In the afternoon before Christmas Day, one of the maids, hearing the street door open and close, went into the hall and found that Mr. St. John had arrived. He gave the maid a large flat box, saying it was to be taken at once to Miss Elisabeth. The maid, not knowing what reply to make, led the way to the library, where the great-aunt Marjory sat by the fire; the box she carried to a room beyond, and placed it beneath the miniature portrait of a child, inscribed "Bessie, aged ten," and upon which the light from a swinging lamp fell softly. There was a letter on the table addressed to Miss Elisabeth Joy. The postman had left it only a few moments before, and the maid, following an inspiration born of devotion and perplexity, had brought it, as she had brought the package, to the portrait of "Bessie, aged ten."

In one corner of the room stood a Christmas tree decked and ready to light. Close beside it was a quaint cabinet organ which had accompanied the baby Alexander's family from the Fatherland.

"When one's self and one's children and one's parents and one's grandparents have never celebrated the Holy Evening without the assistance of this beloved piece of furniture," said the shoemaker to his wife, as they were on the eve of embarking for America, "then it is no longer a thing; then it becomes an important person, a member of the household."

"Quite right, lieber Mann," returned the wife; "most sensibly spoken."

"Moreover, when it is not being used as a musical instrument, it will always be convenient as a table."

The Haus Orgel therefore emigrated with the family, and with the family had been invited to participate in the evening's festivities. The tree was lighted now, the German shoemaker seated before the organ. His hands ran caressingly over the yellow keys, and the guests entered singing.

Sydney St. John came with the others. As he passed the table where the toys from the last year's Berlin market awaited distribution, his eyes fell on the dovecote, with its young woman in red and orange scattering grain. He took the toy and concealed it behind a row of books. Another day, perhaps, he would give it to Alexander.

Then he noticed, hanging from the end of the bookshelf, Roswitha's rosary with the label he had printed still attached to it. His hands played absently with the wooden beads. The nun Roswitha herself could hardly have felt farther distant from the scene than he did. That he should have returned to find his playmate gone was not so overwhelmingly strange because of those days at sea. It seemed stranger that these people about him should be living and expecting to live. He felt like a person looking at figures in a play or a dream; as if at any moment the curtain might go down and the lights out, or that he might awaken to see Frau Kringel counting the stitches in her crochet work, and hear the cannon pealing through the fog.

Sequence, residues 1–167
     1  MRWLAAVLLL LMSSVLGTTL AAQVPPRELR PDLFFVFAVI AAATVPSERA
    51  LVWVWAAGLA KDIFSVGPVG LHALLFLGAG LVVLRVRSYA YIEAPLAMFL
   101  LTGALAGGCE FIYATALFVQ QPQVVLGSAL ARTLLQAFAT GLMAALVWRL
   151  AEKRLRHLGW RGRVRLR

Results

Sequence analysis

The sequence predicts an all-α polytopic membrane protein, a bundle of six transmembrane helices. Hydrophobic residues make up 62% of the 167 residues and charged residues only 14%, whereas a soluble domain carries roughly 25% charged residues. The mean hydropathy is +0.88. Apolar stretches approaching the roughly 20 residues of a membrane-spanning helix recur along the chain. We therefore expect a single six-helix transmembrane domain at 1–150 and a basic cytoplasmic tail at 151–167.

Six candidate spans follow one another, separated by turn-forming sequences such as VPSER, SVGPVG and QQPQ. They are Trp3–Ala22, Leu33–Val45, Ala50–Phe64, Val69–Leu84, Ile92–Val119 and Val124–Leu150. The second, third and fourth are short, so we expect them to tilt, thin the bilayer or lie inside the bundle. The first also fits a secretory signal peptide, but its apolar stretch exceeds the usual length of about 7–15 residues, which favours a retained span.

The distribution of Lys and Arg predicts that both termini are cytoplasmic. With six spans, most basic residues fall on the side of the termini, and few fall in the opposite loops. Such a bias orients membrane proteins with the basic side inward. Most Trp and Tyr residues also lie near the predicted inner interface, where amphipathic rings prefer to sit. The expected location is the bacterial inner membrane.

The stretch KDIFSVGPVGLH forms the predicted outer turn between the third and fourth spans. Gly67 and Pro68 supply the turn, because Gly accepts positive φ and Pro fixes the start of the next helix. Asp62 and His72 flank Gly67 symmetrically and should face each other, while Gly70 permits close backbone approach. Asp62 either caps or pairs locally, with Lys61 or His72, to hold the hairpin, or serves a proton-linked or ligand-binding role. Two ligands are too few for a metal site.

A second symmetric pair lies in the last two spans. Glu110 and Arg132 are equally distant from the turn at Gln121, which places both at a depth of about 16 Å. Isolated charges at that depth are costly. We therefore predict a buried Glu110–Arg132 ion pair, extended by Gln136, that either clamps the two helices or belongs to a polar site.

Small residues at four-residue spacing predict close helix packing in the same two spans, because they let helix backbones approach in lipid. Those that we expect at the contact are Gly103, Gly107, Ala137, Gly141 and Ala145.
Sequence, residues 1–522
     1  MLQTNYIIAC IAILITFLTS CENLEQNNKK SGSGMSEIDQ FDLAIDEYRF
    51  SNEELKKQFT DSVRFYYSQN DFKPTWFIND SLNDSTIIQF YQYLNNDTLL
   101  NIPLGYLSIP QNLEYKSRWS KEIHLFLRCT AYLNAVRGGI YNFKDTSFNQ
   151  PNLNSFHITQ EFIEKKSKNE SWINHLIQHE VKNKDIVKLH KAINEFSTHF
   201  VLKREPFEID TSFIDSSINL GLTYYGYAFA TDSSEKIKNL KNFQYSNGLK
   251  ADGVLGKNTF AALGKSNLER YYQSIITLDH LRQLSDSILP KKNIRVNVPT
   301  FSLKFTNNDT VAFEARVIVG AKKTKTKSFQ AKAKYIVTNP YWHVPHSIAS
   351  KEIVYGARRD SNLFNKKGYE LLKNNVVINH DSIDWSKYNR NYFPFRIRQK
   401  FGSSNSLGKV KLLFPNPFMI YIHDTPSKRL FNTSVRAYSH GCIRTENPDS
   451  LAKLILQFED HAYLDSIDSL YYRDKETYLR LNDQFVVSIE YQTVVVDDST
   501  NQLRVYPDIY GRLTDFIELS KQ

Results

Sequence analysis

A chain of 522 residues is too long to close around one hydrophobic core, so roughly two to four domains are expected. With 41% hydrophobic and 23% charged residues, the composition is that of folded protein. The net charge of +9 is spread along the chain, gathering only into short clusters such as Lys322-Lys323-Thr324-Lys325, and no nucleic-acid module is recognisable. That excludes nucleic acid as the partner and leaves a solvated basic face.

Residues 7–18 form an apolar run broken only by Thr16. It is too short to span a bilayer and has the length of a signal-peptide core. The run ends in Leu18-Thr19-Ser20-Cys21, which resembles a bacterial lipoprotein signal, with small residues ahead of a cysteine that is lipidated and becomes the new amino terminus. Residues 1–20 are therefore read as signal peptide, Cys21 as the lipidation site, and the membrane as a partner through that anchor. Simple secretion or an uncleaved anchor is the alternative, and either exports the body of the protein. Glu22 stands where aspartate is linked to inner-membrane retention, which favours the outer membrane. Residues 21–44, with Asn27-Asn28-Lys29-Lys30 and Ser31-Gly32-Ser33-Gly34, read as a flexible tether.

The box had been opened, and the wings it contained placed, outstretched, beneath the portrait. He heard the children telling each other, "Those are the wings of the Christmas angel. That is her picture under the lamp, with the light shining upon it;" and they said regretfully, in their pleasant little voices how sorry they were that she had gone away.

Later in the evening, as the guests were preparing to depart, the baby Alexander pulled a chair close to the table under the swinging lamp and, climbing up, pressed his cheeks against the wings "Good-night, dear Christmas angel," he repeated in his cooing voice. "I love you, dear Christmas angel!"

Later yet, when the house had grown still, Sydney St. John came back into the room. The chair stood where Alexander had left it. The young man sat down, folded the white wings carefully together, laid them upon the fire, watching them with a far-away look in his eyes until they changed to ashes. Then he took up the letter hidden until now behind the wings. Recognizing the writing, he opened the envelope, and found within some tenderly expressed words of congratulation and good wishes from Miss Charlotte King to Miss Elizabeth Joy, together with a second letter. He opened this also, and read mechanically. It was the one beginning, "My Elizabeth. I feel like a prince in a fairy tale," and had been written from day to day during the voyage. It said "I have been thinking a good deal lately concerning the life we know, and the life we know not. Do you remember something you told me once that you believed? It was that afternoon when the nun Roswitha did not come to our tea party, and we were talking about a certain little girl who used to blow thistledown up to the angels, and about aunt Marjory's story of thoughts. Keep your belief, dearest, whatever happens keep it; as one can say it is unfounded, because no one knows; and with it, death means not sad separation, only a beautiful mystery.

"Dear aunt Marjory! If it should be that our ship drifts into the port of paradise, I hope to take her story with me; I want to see how much truth there is in it."

"Poor prince in the fairy tale!" said Sydney St. John, as he turned the page and read on and on to the end of his own last letter.

After this he took the portrait of "Bessie, aged ten," from the wall, and sat with it in his hand, -- sat like one who would never dream, nor wish, nor hope again. He was aroused by the knowledge of a presence in the room. He knew that it was remembering with him the flowers in the great-aunt's garden, the happy German life, the books, the music, the friends, the favorite walks, the river bank, the boat with the man and the woman bringing their fruit into the city.

The light of the lamp above his head, with the light of the fire on the hearth, made every object in the room discernible. He could have counted the beads in Roswitha's rosary, as it hung from the corner of the bookshelf. These things he perceived with his eyes. He could not tell how he perceived the presence; Only that it stood there under the Christmas tree, that it wore neither butterfly wings nor wings long and sweeping. It was simply Elizabeth as he had been accustomed to see her, and so natural seemed the circumstance of her appearance that it caused no feeling of any unusual occurrence.

The presence went as it had come, quietly.

Then the young man rose, kissed the little picture of "Bessie, aged ten," and hung it again in its place, put out the light of the swinging lamp, and, with a sweet sense of comfort in his heart, left the room.

He was not quite sure whether he had been sleeping or waking. He thought he had been awake.

Return to Flashback: Ghosts of Christmases Past

"The Christmas Angel" by Harriet Lewis Bradley, The Atlantic Monthly, December 1894.